Social Actions Britt Bravo Peter Dietz nonprofit marketing getting attention

Shouldn't It Be Easier to Act via Social Actions -- Website AuditWhen blogger queen Britt Bravo asked me and three other nonprofit marketing mavens to evaluate the recently-launched Social Actions website (and underlying communications approach), I jumped.

After all, I do audits all the time in my marketing strategy work and site strategy is another of my fav assignments, serving as assurance of a positive site audit down the line. But what really intrigues me is the the wonderful vision of Social Actions founder Peter Dietz, the confusing reality of the current site and the gap in between the two.

Here’s Peter’s vision:

"We automatically gather fundraising, volunteer, petition and other sorts of opportunities from 25 partner websites. We have built technology that provides an internet-wide search of these opportunities and helps online publishers embed links to them in their content. Our goal is to make it easier for people to overcome any reluctance or hesitation in taking action on issues they care about."

But, digging into the site my first reaction was, "Where’s the easier, Peter’s key differentiator?" What’s great is that the tool makes it possible to benefit from the data and search capabilities of multiple volunteer/action resources. What’s not so great are the communications approach, and how the interface actually works.

Here are a few ideas on revising SA’s communications strategy and website to engage users and make it easier for them to act:

  • Use clear, consistent and accessible messaging so I stay focused, not confused.
    • The home page refers to 30 actions at top right, and to 24 just below. Disconnects like this undermine credibility and detour my attention away from key content.
    • Although I understand that actions is one of the few words that encompasses all of the opportunities accessible via the site, the broadness of the term makes it difficult for a first-time user to envision what those action choices are. They should be clearly articulated right on the home page.
    • "Actionable aggregated opportunities" is jargon to the nth degree. Plain speak should be the rule.
  • Focus messaging, and the home page, on action opportunities.
    • Too many competing elements. I don’t know where to look.
    • Other ops (like serving as a Social Actions publisher or hiring a consultant) should be secondary. After all, the targets for each offering are very different.
  • Feature a profile w/photo of folks who have found their dream action op through Social Actions, right on the home page. Stories will show that the service is rich, real and relevant.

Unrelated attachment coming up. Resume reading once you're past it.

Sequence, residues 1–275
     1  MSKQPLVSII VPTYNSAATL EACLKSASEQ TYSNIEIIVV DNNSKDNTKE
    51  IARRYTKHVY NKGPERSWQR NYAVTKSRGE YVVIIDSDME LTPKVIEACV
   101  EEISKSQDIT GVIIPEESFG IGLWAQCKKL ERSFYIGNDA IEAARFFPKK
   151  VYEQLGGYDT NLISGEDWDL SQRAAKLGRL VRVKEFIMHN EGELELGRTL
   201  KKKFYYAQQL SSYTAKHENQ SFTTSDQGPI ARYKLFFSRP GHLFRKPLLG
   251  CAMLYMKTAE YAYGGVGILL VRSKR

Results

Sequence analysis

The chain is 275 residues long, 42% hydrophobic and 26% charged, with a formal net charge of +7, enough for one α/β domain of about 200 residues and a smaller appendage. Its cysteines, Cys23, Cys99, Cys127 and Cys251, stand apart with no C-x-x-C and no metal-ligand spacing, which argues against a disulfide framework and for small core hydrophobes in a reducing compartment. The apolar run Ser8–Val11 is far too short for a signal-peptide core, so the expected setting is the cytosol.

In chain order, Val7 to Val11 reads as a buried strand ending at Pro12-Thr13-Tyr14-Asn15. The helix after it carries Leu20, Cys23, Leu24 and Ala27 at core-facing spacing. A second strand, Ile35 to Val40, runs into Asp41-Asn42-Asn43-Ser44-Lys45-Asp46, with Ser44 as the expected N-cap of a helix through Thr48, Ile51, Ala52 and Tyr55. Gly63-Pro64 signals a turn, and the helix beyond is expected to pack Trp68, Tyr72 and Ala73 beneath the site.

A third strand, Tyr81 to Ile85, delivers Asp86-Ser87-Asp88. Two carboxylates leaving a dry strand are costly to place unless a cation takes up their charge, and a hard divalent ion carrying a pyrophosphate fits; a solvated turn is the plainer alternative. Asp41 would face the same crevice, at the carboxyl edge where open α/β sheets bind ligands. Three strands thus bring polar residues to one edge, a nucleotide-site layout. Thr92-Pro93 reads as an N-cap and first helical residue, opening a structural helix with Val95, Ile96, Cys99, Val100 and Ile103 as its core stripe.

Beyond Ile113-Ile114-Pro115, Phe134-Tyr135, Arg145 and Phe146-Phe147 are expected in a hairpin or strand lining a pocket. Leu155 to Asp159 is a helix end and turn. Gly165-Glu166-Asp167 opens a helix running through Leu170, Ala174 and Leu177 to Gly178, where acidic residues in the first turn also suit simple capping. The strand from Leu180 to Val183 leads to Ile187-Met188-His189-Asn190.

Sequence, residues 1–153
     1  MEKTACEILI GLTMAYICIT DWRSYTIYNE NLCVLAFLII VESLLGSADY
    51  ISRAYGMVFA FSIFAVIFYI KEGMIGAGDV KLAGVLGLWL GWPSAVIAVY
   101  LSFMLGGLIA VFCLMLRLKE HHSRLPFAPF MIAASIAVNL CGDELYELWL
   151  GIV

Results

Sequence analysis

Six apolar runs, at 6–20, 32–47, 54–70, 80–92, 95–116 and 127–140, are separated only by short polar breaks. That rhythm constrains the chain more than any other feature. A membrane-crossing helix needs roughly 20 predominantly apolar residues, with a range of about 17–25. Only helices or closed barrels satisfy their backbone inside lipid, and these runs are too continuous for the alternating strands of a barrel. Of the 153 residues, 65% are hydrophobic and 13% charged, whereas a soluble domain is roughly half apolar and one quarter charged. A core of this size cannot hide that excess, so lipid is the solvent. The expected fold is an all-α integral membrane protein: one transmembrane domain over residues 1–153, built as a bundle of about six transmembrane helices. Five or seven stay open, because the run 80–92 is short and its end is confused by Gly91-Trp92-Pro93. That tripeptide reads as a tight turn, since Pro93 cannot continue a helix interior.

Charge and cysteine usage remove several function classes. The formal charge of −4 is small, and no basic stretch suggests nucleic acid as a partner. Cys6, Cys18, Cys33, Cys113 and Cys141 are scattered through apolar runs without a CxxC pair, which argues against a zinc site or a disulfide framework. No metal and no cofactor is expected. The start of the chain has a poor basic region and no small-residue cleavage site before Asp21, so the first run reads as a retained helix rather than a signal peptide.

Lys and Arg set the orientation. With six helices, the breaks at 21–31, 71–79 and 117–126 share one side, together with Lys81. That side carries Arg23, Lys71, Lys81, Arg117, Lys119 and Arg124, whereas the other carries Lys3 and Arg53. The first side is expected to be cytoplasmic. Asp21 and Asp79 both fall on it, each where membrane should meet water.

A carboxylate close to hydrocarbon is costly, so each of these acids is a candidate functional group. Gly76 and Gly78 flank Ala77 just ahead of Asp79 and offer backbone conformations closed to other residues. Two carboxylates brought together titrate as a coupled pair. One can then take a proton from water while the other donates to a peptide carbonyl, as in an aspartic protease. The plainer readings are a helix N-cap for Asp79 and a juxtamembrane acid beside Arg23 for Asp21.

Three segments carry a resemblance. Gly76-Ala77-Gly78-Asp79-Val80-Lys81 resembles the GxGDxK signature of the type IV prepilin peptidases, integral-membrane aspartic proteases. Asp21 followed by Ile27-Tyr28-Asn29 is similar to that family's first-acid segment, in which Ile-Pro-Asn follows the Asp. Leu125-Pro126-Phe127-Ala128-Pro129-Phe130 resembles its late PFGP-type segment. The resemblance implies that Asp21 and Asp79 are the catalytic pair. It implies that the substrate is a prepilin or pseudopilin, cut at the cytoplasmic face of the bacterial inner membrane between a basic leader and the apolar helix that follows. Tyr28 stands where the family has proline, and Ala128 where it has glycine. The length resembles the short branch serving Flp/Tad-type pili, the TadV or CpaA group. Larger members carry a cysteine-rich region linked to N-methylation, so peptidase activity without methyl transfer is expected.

• Give me a choice of action and/or issue arena front and center on the home page, leading me to a search menu of action ops.
    • C’mon, make it easy. There are so many things competing for my time and attention.
  • Make finding the right action clearer and easier.
    • When I click "find an action" I get a list of four choices, all of which are equally weighted. Where’s the easy in this?
    • Feature one main path in (Social Actions, the aggregator), with others offered as secondary alternatives
  • Tell me where I am in the site, wherever I am, so I can easily get to the next place I want to be. And let me browse, please.
    • The site’s information hierarchy (how content is arranged) is a mystery, as there are no visual cues like drop-down menus or breadcrumbs. I can’t browse, or dive into what I want.
    • So, when I’m on one page, I can’t easily see the options in moving to related content or  horizontally across the site.
  • Keep me interested with more graphics and photos, less text.
    • Relieve my eyes and give me something beyond dry description. That’ll keep me interested, and bring more life to what you’re doing.
    • Use font size, colors and other graphic elements to highlight what’s most important, and de-emphasize what’s not.

Take a look at Social Actions yourself, and see what you have to add. Please share your suggestions in Comments below.

P.S. Learn how to craft the shortest and most compelling story for your org. Download the free Nonprofit Tagline Report for must-dos, don’t dos, case studies and 1,000+ nonprofit tagline examples!

Nancy Schwartz in Case Studies, High-Impact Websites, Nonprofit Communications | 1 comment

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